The RAC has called on police to target the increasing number of motorists who jump traffic lights.
The study found bus drivers more likely to break lights than car drivers
A study of drivers' attitudes by the RAC Foundation - the campaigning arm of the motoring organisation - has found that even bus drivers are failing to abide by the lights.
The organisation wants the government and police to put funds into traffic light cameras, as well as enforcement, rather than speed cameras.
The snapshot survey of driver behaviour in London and Glasgow
found a surprising number of motorists and cyclists failed to stop on red or attempted to scramble through on amber.
One in 10 car drivers risked a serious accident or injury to themselves, other road users and pedestrians by driving through a traffic light when it had been red for over three seconds
A further one in five took a chance on a last-minute amber signal.
Bus drivers too were observed to frequently disobey traffic lights. In London, as many as a fifth of bus drivers were found to go through traffic signals, making them worse offenders than car drivers.
Cyclists were found to have the least regard for traffic lights, most notably in central London.
In Glasgow up to one in four cyclists seemed to have no regard for traffic lights, while in central London this rose to 50% of those on bicycles.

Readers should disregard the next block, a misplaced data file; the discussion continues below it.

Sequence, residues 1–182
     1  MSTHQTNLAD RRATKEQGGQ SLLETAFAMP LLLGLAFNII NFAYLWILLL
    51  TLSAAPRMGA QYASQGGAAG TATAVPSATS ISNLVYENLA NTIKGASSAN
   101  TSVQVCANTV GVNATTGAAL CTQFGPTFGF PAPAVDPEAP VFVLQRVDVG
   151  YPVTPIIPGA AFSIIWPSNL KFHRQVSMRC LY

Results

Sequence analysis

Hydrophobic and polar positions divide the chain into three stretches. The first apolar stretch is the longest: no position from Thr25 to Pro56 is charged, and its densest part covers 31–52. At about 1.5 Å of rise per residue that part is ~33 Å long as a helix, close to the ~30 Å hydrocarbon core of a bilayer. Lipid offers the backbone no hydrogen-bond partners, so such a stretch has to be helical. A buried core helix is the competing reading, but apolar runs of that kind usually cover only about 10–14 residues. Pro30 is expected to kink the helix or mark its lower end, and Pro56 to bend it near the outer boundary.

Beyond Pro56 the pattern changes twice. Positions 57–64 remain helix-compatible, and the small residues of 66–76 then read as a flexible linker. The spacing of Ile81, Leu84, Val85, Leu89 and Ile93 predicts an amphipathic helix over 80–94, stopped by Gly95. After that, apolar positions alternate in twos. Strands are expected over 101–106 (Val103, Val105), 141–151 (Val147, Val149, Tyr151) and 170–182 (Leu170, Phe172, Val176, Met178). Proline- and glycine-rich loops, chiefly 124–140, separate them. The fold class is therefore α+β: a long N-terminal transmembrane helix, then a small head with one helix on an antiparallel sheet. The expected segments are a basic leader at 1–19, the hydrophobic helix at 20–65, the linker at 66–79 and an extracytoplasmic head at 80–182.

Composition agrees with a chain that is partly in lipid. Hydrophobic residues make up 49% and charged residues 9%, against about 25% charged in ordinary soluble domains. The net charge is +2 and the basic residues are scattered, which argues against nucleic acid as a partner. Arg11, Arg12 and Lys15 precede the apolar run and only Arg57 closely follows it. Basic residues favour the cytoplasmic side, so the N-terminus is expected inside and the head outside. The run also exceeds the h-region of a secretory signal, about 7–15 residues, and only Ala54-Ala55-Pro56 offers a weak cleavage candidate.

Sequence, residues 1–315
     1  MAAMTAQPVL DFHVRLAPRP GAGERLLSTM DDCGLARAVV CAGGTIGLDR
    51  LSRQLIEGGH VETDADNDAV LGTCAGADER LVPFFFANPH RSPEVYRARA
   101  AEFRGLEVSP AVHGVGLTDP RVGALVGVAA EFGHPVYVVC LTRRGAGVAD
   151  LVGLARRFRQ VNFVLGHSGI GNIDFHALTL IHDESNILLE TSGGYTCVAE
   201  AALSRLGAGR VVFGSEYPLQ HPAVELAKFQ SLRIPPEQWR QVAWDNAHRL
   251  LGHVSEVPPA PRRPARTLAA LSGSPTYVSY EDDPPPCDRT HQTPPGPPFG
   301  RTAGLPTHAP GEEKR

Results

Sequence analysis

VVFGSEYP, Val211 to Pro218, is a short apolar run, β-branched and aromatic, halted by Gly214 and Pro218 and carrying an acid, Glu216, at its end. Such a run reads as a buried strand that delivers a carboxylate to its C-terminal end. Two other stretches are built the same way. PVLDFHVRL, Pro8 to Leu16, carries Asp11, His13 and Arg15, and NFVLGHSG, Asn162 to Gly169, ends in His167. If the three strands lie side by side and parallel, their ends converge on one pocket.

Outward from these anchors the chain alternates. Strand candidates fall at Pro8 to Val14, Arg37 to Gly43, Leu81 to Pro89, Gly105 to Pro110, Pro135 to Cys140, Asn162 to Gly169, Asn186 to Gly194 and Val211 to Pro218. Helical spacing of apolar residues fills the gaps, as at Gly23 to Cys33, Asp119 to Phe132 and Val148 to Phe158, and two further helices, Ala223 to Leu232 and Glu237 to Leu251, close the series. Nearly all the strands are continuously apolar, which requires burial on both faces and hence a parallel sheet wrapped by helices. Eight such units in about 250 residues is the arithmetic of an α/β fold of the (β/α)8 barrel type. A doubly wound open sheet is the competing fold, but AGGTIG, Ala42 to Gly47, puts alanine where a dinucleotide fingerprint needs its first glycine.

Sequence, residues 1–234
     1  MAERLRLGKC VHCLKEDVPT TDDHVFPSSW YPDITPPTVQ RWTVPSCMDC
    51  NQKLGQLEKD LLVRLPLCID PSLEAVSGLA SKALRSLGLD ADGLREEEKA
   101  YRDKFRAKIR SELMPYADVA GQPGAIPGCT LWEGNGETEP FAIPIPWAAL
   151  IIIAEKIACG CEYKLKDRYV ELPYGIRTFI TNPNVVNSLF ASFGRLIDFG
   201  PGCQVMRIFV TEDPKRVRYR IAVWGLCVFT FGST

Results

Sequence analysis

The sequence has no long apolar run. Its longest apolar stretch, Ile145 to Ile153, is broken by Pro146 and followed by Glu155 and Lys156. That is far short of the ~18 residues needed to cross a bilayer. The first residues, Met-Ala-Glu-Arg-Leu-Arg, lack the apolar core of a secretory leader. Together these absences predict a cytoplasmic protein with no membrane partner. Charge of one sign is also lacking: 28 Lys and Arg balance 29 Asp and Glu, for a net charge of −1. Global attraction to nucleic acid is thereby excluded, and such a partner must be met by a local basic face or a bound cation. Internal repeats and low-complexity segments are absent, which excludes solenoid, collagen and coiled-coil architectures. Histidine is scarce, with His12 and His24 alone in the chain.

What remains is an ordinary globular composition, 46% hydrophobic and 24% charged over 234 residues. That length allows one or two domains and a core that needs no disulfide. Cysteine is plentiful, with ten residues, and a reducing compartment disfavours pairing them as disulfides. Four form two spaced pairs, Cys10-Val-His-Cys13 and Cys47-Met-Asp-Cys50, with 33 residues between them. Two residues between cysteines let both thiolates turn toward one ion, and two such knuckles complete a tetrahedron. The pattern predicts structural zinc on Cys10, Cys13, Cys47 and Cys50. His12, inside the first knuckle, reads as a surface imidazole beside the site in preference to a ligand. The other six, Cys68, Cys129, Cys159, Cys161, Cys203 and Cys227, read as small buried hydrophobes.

The RAC Foundation's traffic and road safety manager, Kevin Delaney, said: "Growing congestion is frustrating for all road users.
"It makes them late, often so late that their journey is wasted and they don't get to their destination.
Congestion could be leading to drivers taking more risks
"This may increase the temptation to ignore red traffic lights, but it is
dangerous and a foolish way to beat the clock.
"However, it seems that an increasing number of drivers and cyclists are putting their safety and that of other road users, especially pedestrians, in jeopardy by risking it at traffic lights.
"We hope that government and the police will give greater priority to tackling the red mist which descends over this anti-social minority.
"We want them to put the same level of effort into detecting red light running and prosecuting offenders, be they motorists or cyclists, as they presently do for speeding."
Sneaking through a light gives someone an illusion of power and
albeit for a brief few seconds
RAC Foundation psychologist Conrad King
Cyclist Willie Dixon, a member of campaign group CTC Scotland, admitted that many of his friends in Glasgow, where the RAC survey was conducted, did jump red lights.
"Sometimes it's just because they can, but sometimes it is to get ahead of the traffic.
"If you're turning left, you don't want to be cut into the pavement."
Mr Dixon said it would help if more advance stop areas for cyclists were added to lights because "it gives you that little bit of a jump".
Conrad King, the RAC Foundation's consultant psychologist, said: "Both motorists and cyclists have their own flexible moral code when it comes to traffic lights.
"If they are in a hurry, it might be ok to go through a light which has just turned red.
"If they are not, then they may well still go through a light on amber.
"Sneaking through a light gives someone an illusion of power and freedom, albeit for a brief few seconds.
"In congestion rife modern cities even that illusion is hard to come by when you are stuck behind the wheel."